15. 15.

    I refer here to the critical values constructed by the EU Commission for EU countries (see European Commission 2012). However, using these thresholds requires caution, in particular because the EMU countries and China are characterized by significant differences in their respective economic and political structures. Nonetheless, these thresholds may be useful in gaining a first indication and to establish a starting point for further research. Indeed, China is on its way to becoming a developed country and the China’s imbalances may expand even further in the near future.

  16. 16.

    That is, the manufacturing sector has run into labour shortages and hence has to start paying higher real wages. In other words, China has reached the ‘Lewis turning point’ (Lewis 1954).

  17. 17.

    The Quarterly Forecast and Analysis Report of the Center for Macroeconomic Research, Xiamen University (2015), indicates that the ‘total amount of social security, medical, and educational expenditure in public fiscal expenditure gradually rose from 29.5 % in 2010 to 31.7 % in 2014’. Nonetheless, as argued there, the welfare system in China is still underdeveloped relative to Western economies where ‘(i)n 2011, the EU-27’s spending on health, education, and social protection together accounted for 47.8 % of the central (federal) government spending’ and ‘(i)n 2013, the US social security, Medicare, and Medicaid spending accounted for 48 % of federal fiscal expenditure’ (Center for Macroeconomic Research of Xiamen University 2015, 57).

  18. 18.

    As Anzoatesui et al. (2015, 2–3, 24–25) emphasize, over the past years, China’s government has created large distortions by intervening in the market process and driving the economy into disequilibrium. For example, low administratively controlled interest rates and other distortions artificially boosted savings rates and reduced the cost of capital in China. This, together with implicit state guarantees, supported the building up of imbalances.

  19. 19.

    See e.g. Alesina and Drazen (1991) and Agénor and Montiel (2015).

  20. 20.

    For these necessary steps, see Wagner (2015).

  21. 21.

    However, as the current president of the European Commission, Jean-Claude Juncker, once said about the difficulties of getting the Euro crisis solved: ‘We all know what to do, we just don’t know how to get re-elected after we’ve done it.’ The Economist (2007), ‘The Quest for Prosperity’, 15 March 2007 (online available at: http://www.economist.com/node/8808044). This can generally be applied to China as well. However more transparency and better political communication of the inevitability of the negative side effects of the rebalancing process would help to overcome this dilemma in China.

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Acknowledgments

I thank my colleagues at these institutions as well as Prof. Xu from Hong Kong University and Dr. Dollar from Brookings Institution for useful discussions, comments and hints. I am also grateful for comments by the editors. My special thanks go to Linda Glawe for her excellent research assistance.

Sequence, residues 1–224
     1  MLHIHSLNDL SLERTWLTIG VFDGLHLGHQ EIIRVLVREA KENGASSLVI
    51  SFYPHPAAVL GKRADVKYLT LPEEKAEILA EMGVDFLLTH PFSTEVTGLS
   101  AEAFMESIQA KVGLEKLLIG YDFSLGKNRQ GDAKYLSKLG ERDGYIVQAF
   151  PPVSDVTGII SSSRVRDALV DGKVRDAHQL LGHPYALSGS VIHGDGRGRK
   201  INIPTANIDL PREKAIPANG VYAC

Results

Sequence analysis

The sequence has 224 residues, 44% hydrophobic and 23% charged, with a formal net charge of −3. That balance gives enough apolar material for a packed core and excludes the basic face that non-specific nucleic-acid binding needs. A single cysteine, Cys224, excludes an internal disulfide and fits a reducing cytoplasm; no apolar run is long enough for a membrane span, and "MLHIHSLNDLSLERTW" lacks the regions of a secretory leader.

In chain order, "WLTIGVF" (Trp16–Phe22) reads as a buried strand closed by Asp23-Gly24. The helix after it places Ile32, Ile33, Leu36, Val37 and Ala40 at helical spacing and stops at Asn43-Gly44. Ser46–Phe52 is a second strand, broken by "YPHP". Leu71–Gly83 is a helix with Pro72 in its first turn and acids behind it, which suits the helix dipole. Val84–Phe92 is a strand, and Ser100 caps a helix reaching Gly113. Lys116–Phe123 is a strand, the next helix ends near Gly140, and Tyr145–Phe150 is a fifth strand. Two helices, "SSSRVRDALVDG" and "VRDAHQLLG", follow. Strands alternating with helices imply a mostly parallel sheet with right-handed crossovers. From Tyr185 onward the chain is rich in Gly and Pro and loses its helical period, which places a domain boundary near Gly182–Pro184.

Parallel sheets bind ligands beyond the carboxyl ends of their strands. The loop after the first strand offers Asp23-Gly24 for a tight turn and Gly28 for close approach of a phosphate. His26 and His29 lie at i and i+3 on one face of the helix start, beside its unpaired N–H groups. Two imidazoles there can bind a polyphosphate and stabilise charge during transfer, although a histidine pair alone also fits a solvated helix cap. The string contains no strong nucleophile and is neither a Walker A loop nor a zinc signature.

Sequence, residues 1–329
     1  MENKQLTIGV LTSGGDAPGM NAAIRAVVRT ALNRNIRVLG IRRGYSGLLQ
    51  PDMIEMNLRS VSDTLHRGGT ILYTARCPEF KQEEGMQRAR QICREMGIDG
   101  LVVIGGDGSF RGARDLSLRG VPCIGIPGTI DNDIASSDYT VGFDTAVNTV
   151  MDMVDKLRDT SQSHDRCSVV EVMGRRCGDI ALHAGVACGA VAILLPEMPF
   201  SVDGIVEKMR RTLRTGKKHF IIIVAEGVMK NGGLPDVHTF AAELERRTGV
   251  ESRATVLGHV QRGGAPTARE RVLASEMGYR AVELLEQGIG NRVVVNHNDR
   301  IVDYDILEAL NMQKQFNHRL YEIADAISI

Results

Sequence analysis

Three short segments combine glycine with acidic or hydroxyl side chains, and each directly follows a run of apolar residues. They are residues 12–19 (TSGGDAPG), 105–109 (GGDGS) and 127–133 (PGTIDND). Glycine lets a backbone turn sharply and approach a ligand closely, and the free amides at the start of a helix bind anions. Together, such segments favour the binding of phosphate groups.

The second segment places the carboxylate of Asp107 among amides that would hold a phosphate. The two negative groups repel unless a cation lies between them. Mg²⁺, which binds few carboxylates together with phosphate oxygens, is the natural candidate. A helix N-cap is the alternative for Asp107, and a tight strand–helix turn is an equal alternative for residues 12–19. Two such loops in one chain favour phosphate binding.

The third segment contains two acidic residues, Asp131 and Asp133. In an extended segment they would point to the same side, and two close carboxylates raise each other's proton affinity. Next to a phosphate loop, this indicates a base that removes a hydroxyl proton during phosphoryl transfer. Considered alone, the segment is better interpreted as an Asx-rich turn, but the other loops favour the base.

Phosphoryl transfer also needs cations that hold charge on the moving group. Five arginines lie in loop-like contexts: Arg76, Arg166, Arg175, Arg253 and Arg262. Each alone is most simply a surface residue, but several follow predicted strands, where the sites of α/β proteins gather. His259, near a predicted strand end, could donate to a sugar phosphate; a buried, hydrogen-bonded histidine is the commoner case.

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Correspondence to Helmut Wagner.

Appendices

Appendix A: Functions and workings of expansionary stimulus programmes

As described above, China was hit by external demand/exports shocks in the aftermath of the global financial crisis. Figure 9 shows the reaction functions of the two considered policy options of how to react to a growth slowdown originated by such shocks. Path I (in black) shows what happens if the government jumps in with expansionary Keynesian-type macroeconomic (monetary and fiscal) stimulus programmes. Path II (in grey) delineates the effects of the alternative of a ‘market solution’ (when the government provides the right market incentives and institutions and waits for the workings of the market solution via the price mechanism).

Fig. 9
figure9

Shock reaction with and without policy stimulus programmes (I)

Here, Y* is the equilibrium GDP per capita level, meaning here the GDP per capita level that is consistent with full (or desired) employment. t 0 describes the point in time when an external demand/export shock occurs. Transition path I describes the reaction function if the government jumps in with expansionary Keynesian-type macroeconomic (monetary and fiscal) stimulus programmes in order to mitigate the negative downturn effect triggered by the shock. In contrast, path II shows the transition path if the government chooses the market solution and waits for the effectiveness of stabilisation via the price mechanism. This would presumably take longer and end up in a deeper, more extended recession or depression.

The fundamental relationships can be explained with the traditional income identity:

\( {C}_0+{I}_0+{G}_0+N{X}_0={Y}_0\equiv {Y}^{\ast } \) (full-employment income or output), with C 0 = consumption, I 0 = investment, G 0 = government expenditure, NX 0 = external demand, and Y 0 = aggregate income/output.